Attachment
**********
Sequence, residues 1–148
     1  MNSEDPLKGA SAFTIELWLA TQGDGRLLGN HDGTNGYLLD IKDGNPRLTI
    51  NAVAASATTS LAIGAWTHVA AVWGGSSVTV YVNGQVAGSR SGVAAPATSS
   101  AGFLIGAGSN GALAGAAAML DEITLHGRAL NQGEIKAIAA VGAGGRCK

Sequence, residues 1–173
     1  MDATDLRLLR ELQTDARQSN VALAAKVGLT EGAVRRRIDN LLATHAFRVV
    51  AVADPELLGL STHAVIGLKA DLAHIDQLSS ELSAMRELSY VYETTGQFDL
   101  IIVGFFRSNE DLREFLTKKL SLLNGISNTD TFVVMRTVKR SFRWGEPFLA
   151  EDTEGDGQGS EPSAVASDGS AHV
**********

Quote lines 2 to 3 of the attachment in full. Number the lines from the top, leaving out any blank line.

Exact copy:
     1  MNSEDPLKGA SAFTIELWLA TQGDGRLLGN HDGTNGYLLD IKDGNPRLTI
    51  NAVAASATTS LAIGAWTHVA AVWGGSSVTV YVNGQVAGSR SGVAAPATSS